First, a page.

What a delightful show starring Olivia Hirst and Martha Shrimpton, who, rather like the small number of cast in The 39 Steps, present before their audience a multitude of characters. At one point they demonstrate 250 wounded soldiers on the frontline in Belgium during World War One, without images projected onto a screen or anything like that. I’m itching to say how they managed it, but I must resist, and encourage you to get a ticket if you’re already interested.
Our duo, sisters on a country farm, create the sounds of agricultural life, and then of gunfire, and then later the strains and groans of the injured troops in a makeshift hospital, largely through beatboxing. It may seem a little absurd, but it does work, and very well.
The story goes at a good and lively pace. We have the courting of a young man, Henry, for one of the sisters, who always manages to see him coming and busy herself with some farm task or other, leaving the other sister to cover for her. There is a detailed account of the assassination of Prince Franz Ferdinand, which inspires Jane (Hirst) to go off to the frontline to play her part in the war effort: “To Belgium, for sisterhood.”
Whilst there are so many re-enactments of what happened in the Great War in other period dramas, plays and films (an unashamed plug here for the marvellous National Theatre production of ‘War Horse’), I’ve not come across something that uses as many styles as this show does. There are poignant numbers, but there are comedy numbers too, probably closer to music hall than Gilbert and Sullivan. The scenes rapidly yet convincingly switch between England and Belgium and back again, quite effortlessly. Well, it looks effortless…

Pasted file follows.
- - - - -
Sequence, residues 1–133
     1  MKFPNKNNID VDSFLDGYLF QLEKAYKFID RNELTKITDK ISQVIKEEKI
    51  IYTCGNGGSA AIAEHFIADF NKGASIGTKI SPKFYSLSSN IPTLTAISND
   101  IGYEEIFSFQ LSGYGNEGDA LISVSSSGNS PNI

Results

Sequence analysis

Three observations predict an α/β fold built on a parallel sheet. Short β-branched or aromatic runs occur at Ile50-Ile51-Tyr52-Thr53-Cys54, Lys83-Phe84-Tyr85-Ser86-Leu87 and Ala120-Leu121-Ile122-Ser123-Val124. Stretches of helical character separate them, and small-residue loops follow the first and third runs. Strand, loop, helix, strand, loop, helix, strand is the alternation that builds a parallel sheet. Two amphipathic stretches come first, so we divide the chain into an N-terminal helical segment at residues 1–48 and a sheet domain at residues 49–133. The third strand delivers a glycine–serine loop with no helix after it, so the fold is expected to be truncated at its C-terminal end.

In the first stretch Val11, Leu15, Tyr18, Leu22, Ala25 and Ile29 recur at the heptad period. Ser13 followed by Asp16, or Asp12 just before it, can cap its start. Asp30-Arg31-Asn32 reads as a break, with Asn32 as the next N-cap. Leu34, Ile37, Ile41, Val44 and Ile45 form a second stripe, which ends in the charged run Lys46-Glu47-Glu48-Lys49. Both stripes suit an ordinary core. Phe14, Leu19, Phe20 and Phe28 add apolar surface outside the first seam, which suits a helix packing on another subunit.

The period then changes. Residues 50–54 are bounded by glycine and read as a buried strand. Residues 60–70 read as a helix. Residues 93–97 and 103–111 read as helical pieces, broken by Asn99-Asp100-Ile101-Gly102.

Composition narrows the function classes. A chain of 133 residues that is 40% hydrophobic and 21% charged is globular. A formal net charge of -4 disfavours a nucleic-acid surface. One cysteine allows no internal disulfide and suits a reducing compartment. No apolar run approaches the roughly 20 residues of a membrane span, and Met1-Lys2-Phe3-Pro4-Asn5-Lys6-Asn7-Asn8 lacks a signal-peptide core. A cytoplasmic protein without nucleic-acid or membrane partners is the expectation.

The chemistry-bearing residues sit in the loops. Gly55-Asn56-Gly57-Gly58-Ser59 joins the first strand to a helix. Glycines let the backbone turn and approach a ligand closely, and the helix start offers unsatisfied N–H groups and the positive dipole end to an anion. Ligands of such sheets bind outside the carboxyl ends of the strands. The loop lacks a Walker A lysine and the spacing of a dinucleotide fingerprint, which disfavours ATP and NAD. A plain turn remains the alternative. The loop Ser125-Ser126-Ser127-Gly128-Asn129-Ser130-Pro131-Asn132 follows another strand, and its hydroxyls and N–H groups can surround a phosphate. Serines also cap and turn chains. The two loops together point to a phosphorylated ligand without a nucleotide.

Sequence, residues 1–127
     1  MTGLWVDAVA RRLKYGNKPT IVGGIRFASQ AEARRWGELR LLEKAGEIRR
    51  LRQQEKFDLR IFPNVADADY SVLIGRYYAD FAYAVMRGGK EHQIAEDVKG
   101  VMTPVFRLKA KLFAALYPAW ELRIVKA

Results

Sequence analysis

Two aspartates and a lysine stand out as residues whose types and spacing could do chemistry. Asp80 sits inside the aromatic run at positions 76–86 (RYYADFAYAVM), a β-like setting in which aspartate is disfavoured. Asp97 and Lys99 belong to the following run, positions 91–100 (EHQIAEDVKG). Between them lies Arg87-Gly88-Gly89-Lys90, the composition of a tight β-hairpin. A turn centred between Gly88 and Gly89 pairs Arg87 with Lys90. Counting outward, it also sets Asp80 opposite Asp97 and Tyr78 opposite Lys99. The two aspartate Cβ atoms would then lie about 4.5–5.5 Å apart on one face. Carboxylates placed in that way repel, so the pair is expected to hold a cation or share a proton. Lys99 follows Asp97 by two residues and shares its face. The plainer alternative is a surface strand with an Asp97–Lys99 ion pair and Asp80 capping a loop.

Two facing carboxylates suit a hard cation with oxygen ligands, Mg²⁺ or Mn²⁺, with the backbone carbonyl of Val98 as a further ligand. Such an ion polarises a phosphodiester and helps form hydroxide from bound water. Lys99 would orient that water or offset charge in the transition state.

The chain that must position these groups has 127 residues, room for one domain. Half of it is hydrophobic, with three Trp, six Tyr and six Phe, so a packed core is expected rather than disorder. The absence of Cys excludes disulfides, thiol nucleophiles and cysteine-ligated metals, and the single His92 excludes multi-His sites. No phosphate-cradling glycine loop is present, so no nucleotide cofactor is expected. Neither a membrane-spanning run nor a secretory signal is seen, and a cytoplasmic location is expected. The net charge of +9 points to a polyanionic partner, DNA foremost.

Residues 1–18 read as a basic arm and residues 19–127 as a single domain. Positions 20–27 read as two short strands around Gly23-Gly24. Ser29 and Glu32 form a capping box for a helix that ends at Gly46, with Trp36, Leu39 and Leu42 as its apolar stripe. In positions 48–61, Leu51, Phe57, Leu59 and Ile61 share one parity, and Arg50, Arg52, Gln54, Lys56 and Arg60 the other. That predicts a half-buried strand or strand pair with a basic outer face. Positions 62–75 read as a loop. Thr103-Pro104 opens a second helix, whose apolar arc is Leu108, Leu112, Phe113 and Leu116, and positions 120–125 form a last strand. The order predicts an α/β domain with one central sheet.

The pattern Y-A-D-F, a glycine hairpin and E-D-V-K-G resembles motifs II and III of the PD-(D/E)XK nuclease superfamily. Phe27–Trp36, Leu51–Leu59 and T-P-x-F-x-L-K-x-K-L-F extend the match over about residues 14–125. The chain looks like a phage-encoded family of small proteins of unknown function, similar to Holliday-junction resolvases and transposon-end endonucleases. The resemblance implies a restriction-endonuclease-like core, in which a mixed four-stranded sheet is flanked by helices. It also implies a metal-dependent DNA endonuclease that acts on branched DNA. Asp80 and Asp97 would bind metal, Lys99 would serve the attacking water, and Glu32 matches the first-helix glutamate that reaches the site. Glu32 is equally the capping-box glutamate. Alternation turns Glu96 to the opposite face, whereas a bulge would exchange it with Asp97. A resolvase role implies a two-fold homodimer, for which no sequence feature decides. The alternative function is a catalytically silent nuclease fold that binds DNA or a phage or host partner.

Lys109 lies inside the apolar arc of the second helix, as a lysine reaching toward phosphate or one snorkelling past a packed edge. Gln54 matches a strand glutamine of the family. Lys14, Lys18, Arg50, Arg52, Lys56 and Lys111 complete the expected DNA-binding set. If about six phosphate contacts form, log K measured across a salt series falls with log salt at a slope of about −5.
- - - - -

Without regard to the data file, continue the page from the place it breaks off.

Some of the comedy derives, as one might expect, from soldier banter, but the pair also raise laughs from the audience by making light of the inadequacies that performing their show in a studio space presents. “We really must spend more money on this,” muses Shrimpton, after both actors discover, separately, that part of the stage creaks when stood on. When a soldier falls after being shot, a staff/cast entrance door unexpectedly opens, letting in a blaze of light from the pub on the same site as the theatre. It might have irritated a lot of other actors, who may have chosen to try to ignore it, but here, Hirst makes light (as it were) of the intrusion with a marvellous improvised line, as if to encourage the shot soldier to move towards the light and enter the afterlife: “God has come for you, Johnny!”
The show is billed as “a tribute to the nurses and entertainers of World War One”, and it most certainly does that with great success. This is a debut play from its writers, the aforementioned Shrimpton, Hirst, plus Ellie Routledge. It’s an excellent script and if I hadn’t known any better I would have thought these were seasoned writers who have been around for some years.
Hirst and Shrimpton were palpably enjoying themselves taking us on their journey. It may be just an hour long, but I loved it. It doesn’t need to be longer. It tells its story with not a moment wasted, and held my attention throughout. I wouldn’t change a thing.
Review by Chris Omaweng
By Shrimpton Routledge
20 Jun, 22 Jun, 23 Jun, 24 Jun, 25 Jun, 29 Jun, 30 Jun, 1 Jul, 2 Jul, 3 Jul and 1 more dates
at Kings Head Theatre
Written By Martha Shrimpton & Ellie Routledge, additional writing by Olivia Hirst
Directed By: Uri Roodner
A poignant tale presented by a virtuosic comedy duo and a piano. It is 1914, and as two sisters are torn apart by historic events, an astonishing narrative unfolds. Second Soprano is the untold story of the nurses and entertainers who served in WWI. It is a stirring personal account and a tragi/comic tribute performed in a merge of Physical Comedy, Post-modern Tragedy, Music Hall tradition and Rock ‘N’ Roll.
Saturday 20th June 2015